Credit: Aidan Monaghan

There are certain movies that you really want to like based on their ambition, or their weirdness, or their ambitious weirdness, and ultimately you just can’t. Ben Wheatley’s High-Rise is one of those movies. Based on J.G. Ballard’s 1975 cult sci-fi novel, the film revolves around a metaphor that’s too obvious and hinges on performances that are too inscrutable. The supremely talented Brit Tom Hiddleston, who is equally at home in the Marvel Universe or Jim Jarmusch’s and is making a run at becoming the next Michael Fassbender, stars as Robert Laing—a young doctor who’s just moved into a sleek, new Brutalist apartment building. The residence is vertically segregated by class. The higher up you live, the better off you are. It’s like Snowpiercer (real estate stands in for a post apocalyptic train), with Jeremy Irons’ all-powerful Mr. Royal lording over the great unwashed from the penthouse, literally looking down on them. Laing quickly crosses paths with the luxury skyscraper’s colorful tenants, including Sienna Miller’s boozy, posh single mother, who lives one floor above him; Luke Evans and Elisabeth Moss’ squabbling couple, who live below; and Irons’ head-in-the-clouds evil genius, who built the whole Darwinian stack of Jenga blocks. And like all Jenga heaps, it’s only a matter of time before this one topples, with blackouts, violence, and the solitude-seeking Laing’s personal loyalties put to the test. Wheatley, the indie director probably best known for 2014’s A Field in England, shoots the class-warfare chaos with a hallucinatory beauty. But the high-rise-as-allegory bit has been done in David Cronenberg’s Shivers and George A. Romero’s Land of the Dead. Hiddleston can’t not be interesting, but the structure supporting him is built on a shaky foundation. C+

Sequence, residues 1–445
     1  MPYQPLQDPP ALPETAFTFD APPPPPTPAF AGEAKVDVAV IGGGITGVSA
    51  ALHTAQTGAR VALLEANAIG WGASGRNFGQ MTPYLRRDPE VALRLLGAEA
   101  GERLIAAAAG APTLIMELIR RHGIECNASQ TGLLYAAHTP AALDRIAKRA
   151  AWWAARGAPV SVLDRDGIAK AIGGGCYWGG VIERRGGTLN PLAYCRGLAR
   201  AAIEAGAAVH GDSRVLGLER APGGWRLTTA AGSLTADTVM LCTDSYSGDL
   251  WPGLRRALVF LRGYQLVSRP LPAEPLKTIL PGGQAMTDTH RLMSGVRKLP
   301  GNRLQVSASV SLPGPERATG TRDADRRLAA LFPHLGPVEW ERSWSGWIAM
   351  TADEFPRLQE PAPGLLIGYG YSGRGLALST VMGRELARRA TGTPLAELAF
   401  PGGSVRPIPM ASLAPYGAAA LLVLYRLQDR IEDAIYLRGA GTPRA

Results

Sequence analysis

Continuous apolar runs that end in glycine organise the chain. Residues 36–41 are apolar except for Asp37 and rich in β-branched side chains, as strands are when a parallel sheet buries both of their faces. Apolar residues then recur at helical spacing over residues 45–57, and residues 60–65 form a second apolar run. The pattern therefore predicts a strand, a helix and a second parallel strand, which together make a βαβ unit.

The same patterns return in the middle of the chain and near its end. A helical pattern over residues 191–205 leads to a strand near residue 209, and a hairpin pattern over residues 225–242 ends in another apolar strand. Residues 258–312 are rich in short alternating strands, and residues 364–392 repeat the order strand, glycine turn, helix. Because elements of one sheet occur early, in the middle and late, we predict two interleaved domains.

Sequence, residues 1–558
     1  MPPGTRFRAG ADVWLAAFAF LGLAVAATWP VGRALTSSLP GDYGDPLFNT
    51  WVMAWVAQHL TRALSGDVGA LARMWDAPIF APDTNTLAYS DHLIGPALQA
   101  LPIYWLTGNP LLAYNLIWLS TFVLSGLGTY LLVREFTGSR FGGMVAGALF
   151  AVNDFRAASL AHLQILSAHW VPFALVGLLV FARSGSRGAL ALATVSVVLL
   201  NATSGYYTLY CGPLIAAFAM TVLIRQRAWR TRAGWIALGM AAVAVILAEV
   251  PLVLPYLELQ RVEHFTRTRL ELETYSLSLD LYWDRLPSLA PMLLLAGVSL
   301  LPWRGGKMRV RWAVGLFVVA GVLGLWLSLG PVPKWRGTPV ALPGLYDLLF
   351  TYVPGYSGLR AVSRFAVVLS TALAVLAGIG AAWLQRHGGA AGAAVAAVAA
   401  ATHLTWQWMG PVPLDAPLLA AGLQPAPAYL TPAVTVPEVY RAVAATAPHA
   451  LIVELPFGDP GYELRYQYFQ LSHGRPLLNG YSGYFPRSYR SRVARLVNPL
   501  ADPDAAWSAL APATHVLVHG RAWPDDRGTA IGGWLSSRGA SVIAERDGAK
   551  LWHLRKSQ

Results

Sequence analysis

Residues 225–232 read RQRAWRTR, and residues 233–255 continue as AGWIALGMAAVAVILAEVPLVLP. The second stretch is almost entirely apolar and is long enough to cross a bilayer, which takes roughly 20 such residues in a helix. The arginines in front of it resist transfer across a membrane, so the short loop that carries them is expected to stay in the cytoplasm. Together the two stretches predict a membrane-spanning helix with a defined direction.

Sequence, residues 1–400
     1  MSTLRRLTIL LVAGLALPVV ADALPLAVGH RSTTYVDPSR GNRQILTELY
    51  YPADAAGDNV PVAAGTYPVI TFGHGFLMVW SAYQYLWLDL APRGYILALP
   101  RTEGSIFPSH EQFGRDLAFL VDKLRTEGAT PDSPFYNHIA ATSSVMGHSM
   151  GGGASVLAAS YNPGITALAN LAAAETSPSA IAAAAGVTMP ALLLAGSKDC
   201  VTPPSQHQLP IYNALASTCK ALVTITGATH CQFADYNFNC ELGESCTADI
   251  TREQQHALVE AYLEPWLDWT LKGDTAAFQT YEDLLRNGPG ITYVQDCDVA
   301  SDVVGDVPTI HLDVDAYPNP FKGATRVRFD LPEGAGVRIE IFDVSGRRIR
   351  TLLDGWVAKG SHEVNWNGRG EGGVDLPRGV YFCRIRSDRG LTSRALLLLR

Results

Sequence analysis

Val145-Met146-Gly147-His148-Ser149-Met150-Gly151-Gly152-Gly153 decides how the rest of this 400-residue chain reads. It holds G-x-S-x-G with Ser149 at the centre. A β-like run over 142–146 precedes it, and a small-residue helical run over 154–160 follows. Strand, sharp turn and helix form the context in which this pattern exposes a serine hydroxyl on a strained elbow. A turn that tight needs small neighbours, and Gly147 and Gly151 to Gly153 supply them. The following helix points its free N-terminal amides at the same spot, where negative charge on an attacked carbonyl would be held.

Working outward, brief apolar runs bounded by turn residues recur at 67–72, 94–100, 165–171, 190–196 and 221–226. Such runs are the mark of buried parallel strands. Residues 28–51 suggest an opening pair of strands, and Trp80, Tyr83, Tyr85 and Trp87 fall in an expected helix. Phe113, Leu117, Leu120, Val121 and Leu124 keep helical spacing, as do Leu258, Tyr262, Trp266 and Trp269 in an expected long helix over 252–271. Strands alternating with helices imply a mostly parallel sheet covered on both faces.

• Movie
  • 109 minutes